Why are 6 cubes cast for testing the Compressive Strength?

I agree with the reason given by CB Sowmya, but only partially. We don't assume concrete strength to be 2/3rd of the characteristic strength, but there's a logical reason behind it. She's only stated the shape factor with the correct 20% decrease in strength, but there is also a size factor. What haRead more

I agree with the reason given by CB Sowmya, **but only partially. **

**We don’t assume** concrete strength to be 2/3rd of the characteristic strength, but there’s a logical reason behind it. She’s only stated the shape factor with the correct 20% decrease in strength, but there is also a size factor.

What happens is, first of all, due to slenderness, concrete cylinders have shown to have 80% of the characteristic strength corresponding to 150mm cubes. But also, even concrete cubes of sizes exceeding 450mm show only 85% the strength as compared to the standard 150mm ones. Since the concrete members will neither be cubes and not just 450mm, **we need to take into account both the factors.**

So, the new compressive strength becomes 0.8*0.85*fck = 0.68 fck. Now, 0.68 fck is very close to 0.67 fck or fck/1.5. So, for a rounder figure, we take it as 0.67 fck.

Note: This 1.5 isn’t the factor of safety. (FoS). A factor of 1.5 is further applied for design and the design strength becomes 0.67 fck / 1.5 = 0.446 fck.

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## Kuldeep Singh

Whenever testing for cube strength, it is always advised to make and test three specimens from the same mix. This is done to reduce or average out the error due to manually introduced differences in the three cubes. Now, concrete and cement are always tested at both 7 days and 28 days for compressivRead more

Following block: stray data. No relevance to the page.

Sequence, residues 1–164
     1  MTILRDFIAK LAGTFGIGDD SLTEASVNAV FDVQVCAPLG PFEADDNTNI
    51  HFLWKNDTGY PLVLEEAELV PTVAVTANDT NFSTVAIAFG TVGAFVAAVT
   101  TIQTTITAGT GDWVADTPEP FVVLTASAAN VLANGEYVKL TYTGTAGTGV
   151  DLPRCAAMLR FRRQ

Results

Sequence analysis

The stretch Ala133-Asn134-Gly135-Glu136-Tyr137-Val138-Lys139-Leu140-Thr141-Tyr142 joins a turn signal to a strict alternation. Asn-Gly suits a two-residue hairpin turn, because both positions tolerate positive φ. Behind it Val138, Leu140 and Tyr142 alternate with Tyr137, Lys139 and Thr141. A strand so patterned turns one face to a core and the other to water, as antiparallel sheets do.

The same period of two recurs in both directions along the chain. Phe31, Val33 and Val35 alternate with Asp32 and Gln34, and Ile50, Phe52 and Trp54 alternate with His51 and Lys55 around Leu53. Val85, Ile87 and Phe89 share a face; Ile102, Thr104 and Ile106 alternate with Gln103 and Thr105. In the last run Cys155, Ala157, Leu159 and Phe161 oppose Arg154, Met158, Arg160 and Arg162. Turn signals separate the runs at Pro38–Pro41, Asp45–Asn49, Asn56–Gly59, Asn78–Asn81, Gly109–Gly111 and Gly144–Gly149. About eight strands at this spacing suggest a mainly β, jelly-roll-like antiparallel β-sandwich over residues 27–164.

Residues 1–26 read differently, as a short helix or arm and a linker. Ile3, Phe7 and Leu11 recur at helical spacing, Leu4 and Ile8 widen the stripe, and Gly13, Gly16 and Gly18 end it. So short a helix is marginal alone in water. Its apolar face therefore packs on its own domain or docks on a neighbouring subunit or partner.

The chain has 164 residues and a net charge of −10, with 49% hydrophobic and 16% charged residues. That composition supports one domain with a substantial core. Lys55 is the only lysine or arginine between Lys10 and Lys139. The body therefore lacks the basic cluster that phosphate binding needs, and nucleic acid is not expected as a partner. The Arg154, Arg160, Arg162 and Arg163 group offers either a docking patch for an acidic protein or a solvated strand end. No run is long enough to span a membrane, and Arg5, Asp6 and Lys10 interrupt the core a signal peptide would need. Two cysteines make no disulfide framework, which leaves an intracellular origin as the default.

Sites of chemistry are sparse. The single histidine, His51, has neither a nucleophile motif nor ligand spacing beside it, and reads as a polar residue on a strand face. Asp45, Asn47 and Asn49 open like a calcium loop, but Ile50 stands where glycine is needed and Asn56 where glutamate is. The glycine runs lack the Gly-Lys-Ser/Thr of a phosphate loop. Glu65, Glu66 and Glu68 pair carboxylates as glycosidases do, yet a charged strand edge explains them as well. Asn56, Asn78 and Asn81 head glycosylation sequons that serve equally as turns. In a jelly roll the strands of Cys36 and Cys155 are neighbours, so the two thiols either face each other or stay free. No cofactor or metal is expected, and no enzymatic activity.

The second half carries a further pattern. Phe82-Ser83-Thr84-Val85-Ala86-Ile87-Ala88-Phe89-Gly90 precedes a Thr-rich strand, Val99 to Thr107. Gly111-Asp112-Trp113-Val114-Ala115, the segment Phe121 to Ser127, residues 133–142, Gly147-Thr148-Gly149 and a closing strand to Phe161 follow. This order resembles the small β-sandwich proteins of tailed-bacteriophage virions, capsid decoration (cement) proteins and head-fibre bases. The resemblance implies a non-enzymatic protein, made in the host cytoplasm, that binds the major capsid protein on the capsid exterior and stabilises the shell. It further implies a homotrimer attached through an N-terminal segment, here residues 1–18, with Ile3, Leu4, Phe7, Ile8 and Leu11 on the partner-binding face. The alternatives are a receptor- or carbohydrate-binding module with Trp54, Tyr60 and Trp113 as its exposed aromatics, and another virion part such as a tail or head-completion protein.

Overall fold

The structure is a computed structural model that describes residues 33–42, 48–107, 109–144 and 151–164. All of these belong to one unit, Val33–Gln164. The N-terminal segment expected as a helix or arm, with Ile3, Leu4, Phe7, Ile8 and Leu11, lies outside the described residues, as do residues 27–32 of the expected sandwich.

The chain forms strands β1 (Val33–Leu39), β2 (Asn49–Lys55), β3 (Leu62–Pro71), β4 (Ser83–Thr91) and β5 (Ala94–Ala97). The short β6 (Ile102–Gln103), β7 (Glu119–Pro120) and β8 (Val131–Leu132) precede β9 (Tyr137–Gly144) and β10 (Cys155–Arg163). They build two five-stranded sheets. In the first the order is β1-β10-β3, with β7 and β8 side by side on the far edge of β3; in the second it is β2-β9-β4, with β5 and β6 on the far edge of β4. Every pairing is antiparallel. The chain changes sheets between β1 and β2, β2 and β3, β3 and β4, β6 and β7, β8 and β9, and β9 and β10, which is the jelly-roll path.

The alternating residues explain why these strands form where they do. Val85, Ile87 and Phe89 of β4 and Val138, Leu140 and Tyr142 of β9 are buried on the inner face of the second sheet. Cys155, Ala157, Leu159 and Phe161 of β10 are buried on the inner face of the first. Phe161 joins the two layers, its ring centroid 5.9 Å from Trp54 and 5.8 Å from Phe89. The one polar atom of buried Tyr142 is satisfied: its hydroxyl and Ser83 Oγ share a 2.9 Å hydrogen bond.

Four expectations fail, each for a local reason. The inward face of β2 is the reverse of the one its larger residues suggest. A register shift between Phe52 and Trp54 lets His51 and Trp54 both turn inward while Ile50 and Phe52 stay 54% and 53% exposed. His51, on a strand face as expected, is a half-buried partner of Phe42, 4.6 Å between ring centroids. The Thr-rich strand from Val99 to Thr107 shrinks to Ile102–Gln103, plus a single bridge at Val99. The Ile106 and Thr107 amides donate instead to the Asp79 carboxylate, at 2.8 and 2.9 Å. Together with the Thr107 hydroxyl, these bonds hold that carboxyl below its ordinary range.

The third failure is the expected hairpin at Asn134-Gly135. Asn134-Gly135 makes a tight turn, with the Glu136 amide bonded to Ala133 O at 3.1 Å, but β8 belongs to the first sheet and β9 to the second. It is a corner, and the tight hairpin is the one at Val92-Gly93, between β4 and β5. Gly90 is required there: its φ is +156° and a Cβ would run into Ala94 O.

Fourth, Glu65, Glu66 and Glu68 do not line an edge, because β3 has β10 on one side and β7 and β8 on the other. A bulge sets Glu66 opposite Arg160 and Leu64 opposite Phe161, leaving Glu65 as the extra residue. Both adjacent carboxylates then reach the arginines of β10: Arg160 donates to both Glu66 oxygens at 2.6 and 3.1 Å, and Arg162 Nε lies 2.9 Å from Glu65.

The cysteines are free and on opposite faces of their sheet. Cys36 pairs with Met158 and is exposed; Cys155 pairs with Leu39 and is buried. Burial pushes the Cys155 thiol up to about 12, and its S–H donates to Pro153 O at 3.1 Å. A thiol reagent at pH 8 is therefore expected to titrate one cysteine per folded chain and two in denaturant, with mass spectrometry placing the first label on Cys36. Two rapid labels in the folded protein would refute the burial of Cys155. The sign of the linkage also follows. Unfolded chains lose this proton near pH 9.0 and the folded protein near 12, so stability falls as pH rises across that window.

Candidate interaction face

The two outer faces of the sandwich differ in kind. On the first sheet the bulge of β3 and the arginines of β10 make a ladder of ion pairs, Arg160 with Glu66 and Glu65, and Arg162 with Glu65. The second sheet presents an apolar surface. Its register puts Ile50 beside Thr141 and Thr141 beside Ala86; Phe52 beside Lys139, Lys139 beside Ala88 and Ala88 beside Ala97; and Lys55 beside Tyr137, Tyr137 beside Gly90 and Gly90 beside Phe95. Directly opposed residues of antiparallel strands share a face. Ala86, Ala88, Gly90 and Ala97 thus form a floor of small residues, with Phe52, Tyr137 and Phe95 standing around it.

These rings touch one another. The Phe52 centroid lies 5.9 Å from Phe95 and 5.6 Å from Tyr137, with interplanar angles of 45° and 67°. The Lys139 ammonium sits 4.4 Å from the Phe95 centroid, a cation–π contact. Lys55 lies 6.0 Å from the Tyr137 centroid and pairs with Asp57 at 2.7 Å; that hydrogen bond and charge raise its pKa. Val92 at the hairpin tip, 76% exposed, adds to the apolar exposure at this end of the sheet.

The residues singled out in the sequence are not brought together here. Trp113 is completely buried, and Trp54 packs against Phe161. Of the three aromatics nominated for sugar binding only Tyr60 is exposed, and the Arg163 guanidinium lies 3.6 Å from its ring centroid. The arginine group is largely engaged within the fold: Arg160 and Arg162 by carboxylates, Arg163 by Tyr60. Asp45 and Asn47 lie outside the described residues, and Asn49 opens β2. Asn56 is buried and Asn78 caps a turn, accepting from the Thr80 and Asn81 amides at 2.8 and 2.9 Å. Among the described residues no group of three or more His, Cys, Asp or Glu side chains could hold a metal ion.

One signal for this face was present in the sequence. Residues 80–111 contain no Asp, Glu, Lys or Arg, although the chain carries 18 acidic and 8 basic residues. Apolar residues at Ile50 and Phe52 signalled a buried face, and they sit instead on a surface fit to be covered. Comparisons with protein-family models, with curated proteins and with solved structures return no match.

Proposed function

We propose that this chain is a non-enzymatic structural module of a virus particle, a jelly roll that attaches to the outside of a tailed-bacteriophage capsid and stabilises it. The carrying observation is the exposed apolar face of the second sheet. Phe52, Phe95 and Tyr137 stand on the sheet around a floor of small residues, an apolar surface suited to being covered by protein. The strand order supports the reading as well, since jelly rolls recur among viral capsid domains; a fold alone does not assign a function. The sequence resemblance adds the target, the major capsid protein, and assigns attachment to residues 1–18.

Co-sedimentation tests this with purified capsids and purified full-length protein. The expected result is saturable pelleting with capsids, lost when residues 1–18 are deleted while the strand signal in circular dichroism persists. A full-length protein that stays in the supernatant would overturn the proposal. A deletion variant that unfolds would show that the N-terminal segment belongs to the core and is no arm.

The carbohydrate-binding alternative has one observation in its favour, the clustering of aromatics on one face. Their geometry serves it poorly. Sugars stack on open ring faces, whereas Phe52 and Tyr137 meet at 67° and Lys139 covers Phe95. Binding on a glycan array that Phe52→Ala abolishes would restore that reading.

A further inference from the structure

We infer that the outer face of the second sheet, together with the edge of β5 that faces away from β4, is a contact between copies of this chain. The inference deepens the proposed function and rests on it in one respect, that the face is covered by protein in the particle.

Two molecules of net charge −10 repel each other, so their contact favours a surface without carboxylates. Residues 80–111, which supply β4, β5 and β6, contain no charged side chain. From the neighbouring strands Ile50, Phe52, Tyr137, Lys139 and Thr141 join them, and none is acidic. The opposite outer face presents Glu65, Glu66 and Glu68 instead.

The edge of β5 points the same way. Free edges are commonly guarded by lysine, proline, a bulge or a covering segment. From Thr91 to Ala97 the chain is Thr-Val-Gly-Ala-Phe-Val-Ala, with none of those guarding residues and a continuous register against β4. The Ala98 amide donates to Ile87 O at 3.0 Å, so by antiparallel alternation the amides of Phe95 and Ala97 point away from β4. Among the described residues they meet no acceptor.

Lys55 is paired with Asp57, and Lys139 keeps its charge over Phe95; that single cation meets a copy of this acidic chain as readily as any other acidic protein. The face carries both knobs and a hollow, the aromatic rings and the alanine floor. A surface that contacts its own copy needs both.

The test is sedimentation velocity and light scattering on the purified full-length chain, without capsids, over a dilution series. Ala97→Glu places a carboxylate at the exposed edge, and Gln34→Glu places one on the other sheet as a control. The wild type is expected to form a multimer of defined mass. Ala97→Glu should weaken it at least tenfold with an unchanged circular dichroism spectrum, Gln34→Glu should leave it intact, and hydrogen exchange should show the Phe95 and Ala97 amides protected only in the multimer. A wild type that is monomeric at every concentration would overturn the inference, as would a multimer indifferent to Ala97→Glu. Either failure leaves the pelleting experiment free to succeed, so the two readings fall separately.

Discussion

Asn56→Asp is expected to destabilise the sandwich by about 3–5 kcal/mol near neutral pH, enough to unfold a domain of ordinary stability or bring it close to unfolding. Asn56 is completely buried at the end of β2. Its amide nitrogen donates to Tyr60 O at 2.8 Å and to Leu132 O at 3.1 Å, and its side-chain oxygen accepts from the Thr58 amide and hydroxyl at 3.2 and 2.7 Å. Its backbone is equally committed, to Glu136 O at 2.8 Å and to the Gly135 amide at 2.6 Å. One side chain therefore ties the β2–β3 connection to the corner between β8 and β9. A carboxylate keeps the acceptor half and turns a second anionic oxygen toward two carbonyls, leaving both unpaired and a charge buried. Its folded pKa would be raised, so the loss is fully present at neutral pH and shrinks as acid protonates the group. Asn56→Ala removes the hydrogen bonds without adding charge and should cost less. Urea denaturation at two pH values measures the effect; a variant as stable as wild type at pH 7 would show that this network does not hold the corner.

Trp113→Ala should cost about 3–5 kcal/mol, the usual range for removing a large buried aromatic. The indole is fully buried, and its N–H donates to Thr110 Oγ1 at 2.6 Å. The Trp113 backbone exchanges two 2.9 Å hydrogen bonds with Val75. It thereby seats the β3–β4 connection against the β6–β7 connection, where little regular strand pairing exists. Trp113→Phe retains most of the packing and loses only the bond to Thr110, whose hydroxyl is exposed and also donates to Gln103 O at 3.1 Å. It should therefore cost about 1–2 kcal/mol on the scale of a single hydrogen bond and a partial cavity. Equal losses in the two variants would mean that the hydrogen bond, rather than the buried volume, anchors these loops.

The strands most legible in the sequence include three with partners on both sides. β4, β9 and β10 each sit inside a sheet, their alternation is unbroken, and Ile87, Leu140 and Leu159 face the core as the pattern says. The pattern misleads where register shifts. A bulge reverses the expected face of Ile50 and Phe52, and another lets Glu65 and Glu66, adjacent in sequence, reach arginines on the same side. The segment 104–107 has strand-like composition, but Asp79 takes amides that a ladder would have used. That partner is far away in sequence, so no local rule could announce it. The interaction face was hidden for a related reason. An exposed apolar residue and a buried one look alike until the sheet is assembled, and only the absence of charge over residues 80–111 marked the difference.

Whenever testing for cube strength, it is always advised to make and test

three specimensfrom the same mix. This is done to reduce or average out the error due to manually introduced differences in the three cubes.Now, concrete and cement are always tested at

both 7 days and 28 daysfor compressive strength. The compressive strength at seven days is known to be 65% of the final (28 days) strength. This double testing is done so that if the seven days strength is found inappropriate, the cubes may be straight away discarded to save 21 days’ time because the 28-day strength will also probably be below par. Now, a time even earlier than seven days is not chosen because, at that age, strength gain is very steep, and there’s a higher margin of error. Also, seven days is a round figure.

See lessFor both the tests, 3 cubes each are employed. Hence, a total of6 cubesgo through the compression test.